Use full screen images to help the audience follow your story or to change the mood.

Your slides should complement what you are saying so don’t spend the whole presentation with your back to the audience reading your slides on the screen or on your iPad. Maintain as much eye contact with your audience as possible without straying into the realms of creepy by staring wildly at the poor soul who happens to be sitting closest to you.

It’s an obvious suggestion but make sure you keep your slide and presentation content relevant to the audience. Keep them engaged with constant reminders of how your product or service will benefit them.

Smile and your audience will smile with you.

Confident people smile. A smile can dis arm the most obnoxious person who wants you to fail on an epic scale. Keep your presentation tight and to the point. Don’t labour or over complicate it. If you’re bored or uninspired by what you are saying imagine how your audience feels.

Be prepared to be flexible.

Don’t fall to pieces if you cannot present all 10 slides in order or the client wants you to skip around your presentation on the day.

Make sure you have the killer slide in your deck. This slide will summarise or visualise your proposition efficiently and leave no room for confusion. It will clearly list the benefits to the client.

A top tip is to be prepared to present without the aid of your slides.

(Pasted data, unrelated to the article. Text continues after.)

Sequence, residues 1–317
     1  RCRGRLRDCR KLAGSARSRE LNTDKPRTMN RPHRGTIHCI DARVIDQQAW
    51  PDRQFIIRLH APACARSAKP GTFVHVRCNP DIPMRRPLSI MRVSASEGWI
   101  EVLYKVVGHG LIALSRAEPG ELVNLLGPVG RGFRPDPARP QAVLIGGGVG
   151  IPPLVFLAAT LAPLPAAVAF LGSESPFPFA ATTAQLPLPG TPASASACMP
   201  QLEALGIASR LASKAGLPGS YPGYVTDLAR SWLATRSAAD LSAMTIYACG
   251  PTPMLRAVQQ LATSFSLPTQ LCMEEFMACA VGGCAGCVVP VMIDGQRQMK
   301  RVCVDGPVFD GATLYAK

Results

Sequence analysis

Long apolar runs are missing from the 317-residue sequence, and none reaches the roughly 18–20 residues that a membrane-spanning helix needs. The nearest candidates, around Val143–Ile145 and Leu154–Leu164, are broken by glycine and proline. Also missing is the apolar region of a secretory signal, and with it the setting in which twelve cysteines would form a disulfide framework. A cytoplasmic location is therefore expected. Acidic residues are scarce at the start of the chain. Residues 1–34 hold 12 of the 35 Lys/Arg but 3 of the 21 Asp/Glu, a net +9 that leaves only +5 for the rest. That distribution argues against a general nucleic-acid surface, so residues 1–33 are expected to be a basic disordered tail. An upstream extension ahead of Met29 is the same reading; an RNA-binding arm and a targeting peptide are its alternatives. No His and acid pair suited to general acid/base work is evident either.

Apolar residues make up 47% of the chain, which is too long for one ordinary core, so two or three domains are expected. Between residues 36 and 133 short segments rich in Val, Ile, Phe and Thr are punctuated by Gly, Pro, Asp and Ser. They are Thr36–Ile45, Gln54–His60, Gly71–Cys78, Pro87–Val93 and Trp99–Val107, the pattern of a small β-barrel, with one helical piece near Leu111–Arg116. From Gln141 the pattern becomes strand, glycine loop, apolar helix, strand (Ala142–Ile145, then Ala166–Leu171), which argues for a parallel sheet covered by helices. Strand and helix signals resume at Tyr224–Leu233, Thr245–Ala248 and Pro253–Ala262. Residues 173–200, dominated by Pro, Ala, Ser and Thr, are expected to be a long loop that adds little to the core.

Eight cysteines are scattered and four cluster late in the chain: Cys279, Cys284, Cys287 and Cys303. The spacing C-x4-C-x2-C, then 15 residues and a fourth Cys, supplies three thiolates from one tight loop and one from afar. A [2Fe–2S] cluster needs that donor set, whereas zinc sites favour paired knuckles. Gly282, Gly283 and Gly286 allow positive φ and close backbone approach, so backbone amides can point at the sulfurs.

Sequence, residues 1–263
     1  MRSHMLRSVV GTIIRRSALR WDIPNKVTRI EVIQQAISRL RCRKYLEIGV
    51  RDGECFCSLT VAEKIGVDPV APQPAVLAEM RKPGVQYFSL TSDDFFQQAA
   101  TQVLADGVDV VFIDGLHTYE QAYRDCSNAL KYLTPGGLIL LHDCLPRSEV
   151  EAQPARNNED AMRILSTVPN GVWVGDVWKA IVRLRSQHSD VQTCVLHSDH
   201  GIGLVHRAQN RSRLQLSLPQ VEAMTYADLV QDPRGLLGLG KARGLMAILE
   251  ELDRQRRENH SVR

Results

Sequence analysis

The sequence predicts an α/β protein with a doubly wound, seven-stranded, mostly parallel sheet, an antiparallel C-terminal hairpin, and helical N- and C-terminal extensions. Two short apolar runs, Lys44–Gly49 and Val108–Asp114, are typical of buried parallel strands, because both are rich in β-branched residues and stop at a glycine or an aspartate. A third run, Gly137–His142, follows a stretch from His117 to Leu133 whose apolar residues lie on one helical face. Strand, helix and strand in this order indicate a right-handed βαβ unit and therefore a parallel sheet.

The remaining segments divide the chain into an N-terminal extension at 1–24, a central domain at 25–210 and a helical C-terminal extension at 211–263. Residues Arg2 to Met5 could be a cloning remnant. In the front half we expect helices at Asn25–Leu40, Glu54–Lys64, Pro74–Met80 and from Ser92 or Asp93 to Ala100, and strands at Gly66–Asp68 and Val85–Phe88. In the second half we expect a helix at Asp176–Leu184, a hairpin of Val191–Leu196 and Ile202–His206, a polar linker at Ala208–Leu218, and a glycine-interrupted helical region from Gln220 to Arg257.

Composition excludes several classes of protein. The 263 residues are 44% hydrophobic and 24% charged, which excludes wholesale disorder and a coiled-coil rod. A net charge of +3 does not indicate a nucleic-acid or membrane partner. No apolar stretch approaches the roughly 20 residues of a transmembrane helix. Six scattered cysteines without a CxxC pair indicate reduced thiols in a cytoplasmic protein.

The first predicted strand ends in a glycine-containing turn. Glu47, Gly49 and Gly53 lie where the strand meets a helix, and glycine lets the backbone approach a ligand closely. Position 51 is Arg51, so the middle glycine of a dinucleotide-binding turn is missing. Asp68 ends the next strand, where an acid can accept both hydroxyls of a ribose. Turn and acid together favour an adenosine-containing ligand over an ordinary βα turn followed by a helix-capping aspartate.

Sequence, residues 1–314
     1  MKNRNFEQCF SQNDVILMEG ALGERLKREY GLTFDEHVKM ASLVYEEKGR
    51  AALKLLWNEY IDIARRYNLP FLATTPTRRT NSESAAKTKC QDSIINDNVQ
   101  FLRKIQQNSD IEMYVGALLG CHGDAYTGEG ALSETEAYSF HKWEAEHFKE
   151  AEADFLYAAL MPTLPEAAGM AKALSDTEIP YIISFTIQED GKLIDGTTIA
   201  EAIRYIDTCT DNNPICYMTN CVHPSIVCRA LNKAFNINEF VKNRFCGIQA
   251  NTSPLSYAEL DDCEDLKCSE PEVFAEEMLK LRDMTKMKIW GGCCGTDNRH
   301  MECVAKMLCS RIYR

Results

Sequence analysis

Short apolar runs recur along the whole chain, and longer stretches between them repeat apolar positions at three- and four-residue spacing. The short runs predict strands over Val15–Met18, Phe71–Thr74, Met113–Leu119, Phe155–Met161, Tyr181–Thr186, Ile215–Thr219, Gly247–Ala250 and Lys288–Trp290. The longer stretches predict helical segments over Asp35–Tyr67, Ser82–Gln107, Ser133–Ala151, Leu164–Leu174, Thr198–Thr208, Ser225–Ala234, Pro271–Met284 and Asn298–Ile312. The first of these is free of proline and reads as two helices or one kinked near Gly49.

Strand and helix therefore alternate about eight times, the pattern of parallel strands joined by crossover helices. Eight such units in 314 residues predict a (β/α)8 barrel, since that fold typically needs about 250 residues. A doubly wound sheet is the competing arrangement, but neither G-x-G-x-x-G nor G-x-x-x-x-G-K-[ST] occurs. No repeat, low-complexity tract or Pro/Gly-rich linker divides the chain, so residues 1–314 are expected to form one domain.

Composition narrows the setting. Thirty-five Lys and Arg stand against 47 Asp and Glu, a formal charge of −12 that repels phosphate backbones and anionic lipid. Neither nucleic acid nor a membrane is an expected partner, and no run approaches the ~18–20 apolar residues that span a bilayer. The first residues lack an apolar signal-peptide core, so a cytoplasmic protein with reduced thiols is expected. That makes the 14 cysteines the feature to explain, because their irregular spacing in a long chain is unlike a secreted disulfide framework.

Technology is wonderful but temperamental and guaranteed to fail at the most in opportune time so get ready to fly solo if the wi fi packs up!

If time and budget permits definitely be prepared to outsource the design and creation of your presentation. Why not tap into the expertise of a presentation design agency and take advantage of a second opinion and the ideas they can bring to the party.

Know your product or subject off by heart so you can be confident in your delivery.

If your boss only gives you 24 hours to create a presentation the same principles apply and are even more reason to keep the slide count and graphics to a minimum and instead spend more time rehearsing what is actually going to sell the product or service to the client.

Keep the energy levels high, smile and have total belief in yourself, your product and your presentation support material.

Prepare, create, practice then practice again. 

Once you have presented take the opportunity to refine and improve your presentation based on any feedback you may get or your gut instinct on how the slides were received. If the team structure slide felt awkward and added no value to your presentation then delete it.

Jason and his team at Outlook Digital have been enhancing presentations for many years for a range of Blue Chip and SMEs across all industry sectors. We treat each brief as unique and have access to a full range of dynamic interactive digital tools including Animation, Video and top quality presentation design including the use of bespoke Infographics.

Call Jason now for a no obligation quotation and advice on how to enhance your presentation requirements.